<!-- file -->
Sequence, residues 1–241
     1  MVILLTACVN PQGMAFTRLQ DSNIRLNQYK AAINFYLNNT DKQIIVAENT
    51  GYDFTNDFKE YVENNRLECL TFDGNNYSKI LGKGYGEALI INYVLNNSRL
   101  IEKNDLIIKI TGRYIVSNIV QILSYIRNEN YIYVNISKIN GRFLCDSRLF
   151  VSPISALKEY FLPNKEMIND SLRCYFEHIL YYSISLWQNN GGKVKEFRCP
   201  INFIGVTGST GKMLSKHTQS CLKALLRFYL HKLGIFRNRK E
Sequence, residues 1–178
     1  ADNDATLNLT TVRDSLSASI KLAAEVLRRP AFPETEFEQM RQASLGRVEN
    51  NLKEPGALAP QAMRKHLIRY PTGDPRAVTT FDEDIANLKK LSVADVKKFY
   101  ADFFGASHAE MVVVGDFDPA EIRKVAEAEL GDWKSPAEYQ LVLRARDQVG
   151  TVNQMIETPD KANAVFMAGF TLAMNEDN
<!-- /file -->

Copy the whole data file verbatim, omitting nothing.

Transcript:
Sequence, residues 1–241
     1  MVILLTACVN PQGMAFTRLQ DSNIRLNQYK AAINFYLNNT DKQIIVAENT
    51  GYDFTNDFKE YVENNRLECL TFDGNNYSKI LGKGYGEALI INYVLNNSRL
   101  IEKNDLIIKI TGRYIVSNIV QILSYIRNEN YIYVNISKIN GRFLCDSRLF
   151  VSPISALKEY FLPNKEMIND SLRCYFEHIL YYSISLWQNN GGKVKEFRCP
   201  INFIGVTGST GKMLSKHTQS CLKALLRFYL HKLGIFRNRK E
Sequence, residues 1–178
     1  ADNDATLNLT TVRDSLSASI KLAAEVLRRP AFPETEFEQM RQASLGRVEN
    51  NLKEPGALAP QAMRKHLIRY PTGDPRAVTT FDEDIANLKK LSVADVKKFY
   101  ADFFGASHAE MVVVGDFDPA EIRKVAEAEL GDWKSPAEYQ LVLRARDQVG
   151  TVNQMIETPD KANAVFMAGF TLAMNEDN